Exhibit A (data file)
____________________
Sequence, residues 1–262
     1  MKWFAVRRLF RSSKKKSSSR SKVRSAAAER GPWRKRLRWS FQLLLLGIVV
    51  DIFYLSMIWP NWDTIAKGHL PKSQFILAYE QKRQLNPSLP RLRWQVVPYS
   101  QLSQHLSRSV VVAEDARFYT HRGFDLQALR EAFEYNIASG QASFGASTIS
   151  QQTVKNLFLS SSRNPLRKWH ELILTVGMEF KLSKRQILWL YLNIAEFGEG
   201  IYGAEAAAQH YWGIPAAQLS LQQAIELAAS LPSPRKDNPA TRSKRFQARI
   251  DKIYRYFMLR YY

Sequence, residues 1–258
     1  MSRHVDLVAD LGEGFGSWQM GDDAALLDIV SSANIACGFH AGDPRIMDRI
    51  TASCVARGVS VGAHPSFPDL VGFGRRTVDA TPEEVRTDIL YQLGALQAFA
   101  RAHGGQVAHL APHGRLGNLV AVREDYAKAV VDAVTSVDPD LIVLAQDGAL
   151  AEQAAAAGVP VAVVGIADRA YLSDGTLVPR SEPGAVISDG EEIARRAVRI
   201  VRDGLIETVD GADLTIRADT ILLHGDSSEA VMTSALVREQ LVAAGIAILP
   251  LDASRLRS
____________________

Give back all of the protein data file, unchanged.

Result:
Sequence, residues 1–262
     1  MKWFAVRRLF RSSKKKSSSR SKVRSAAAER GPWRKRLRWS FQLLLLGIVV
    51  DIFYLSMIWP NWDTIAKGHL PKSQFILAYE QKRQLNPSLP RLRWQVVPYS
   101  QLSQHLSRSV VVAEDARFYT HRGFDLQALR EAFEYNIASG QASFGASTIS
   151  QQTVKNLFLS SSRNPLRKWH ELILTVGMEF KLSKRQILWL YLNIAEFGEG
   201  IYGAEAAAQH YWGIPAAQLS LQQAIELAAS LPSPRKDNPA TRSKRFQARI
   251  DKIYRYFMLR YY

Sequence, residues 1–258
     1  MSRHVDLVAD LGEGFGSWQM GDDAALLDIV SSANIACGFH AGDPRIMDRI
    51  TASCVARGVS VGAHPSFPDL VGFGRRTVDA TPEEVRTDIL YQLGALQAFA
   101  RAHGGQVAHL APHGRLGNLV AVREDYAKAV VDAVTSVDPD LIVLAQDGAL
   151  AEQAAAAGVP VAVVGIADRA YLSDGTLVPR SEPGAVISDG EEIARRAVRI
   201  VRDGLIETVD GADLTIRADT ILLHGDSSEA VMTSALVREQ LVAAGIAILP
   251  LDASRLRS